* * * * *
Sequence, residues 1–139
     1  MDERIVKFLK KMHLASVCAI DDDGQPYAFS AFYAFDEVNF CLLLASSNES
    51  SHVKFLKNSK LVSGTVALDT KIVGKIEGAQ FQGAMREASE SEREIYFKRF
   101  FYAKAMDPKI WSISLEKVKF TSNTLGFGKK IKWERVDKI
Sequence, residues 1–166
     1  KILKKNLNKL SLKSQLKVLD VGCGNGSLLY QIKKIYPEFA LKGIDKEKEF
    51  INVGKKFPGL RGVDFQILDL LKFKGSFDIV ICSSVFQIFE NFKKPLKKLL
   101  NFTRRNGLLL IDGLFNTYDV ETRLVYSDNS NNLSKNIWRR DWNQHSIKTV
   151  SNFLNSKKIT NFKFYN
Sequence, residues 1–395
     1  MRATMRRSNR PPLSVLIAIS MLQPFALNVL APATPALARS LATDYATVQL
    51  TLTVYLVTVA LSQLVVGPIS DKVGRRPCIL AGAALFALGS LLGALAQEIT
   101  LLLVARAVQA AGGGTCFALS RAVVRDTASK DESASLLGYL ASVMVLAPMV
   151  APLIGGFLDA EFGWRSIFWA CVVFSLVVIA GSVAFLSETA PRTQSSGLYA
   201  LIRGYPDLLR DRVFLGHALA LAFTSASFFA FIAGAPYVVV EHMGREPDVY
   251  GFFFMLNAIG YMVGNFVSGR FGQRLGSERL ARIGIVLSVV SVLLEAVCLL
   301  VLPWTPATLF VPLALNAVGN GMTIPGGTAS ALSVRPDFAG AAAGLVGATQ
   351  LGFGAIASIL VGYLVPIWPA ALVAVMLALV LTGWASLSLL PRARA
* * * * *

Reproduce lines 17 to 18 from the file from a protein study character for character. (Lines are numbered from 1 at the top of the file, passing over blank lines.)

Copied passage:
   301  VLPWTPATLF VPLALNAVGN GMTIPGGTAS ALSVRPDFAG AAAGLVGATQ
   351  LGFGAIASIL VGYLVPIWPA ALVAVMLALV LTGWASLSLL PRARA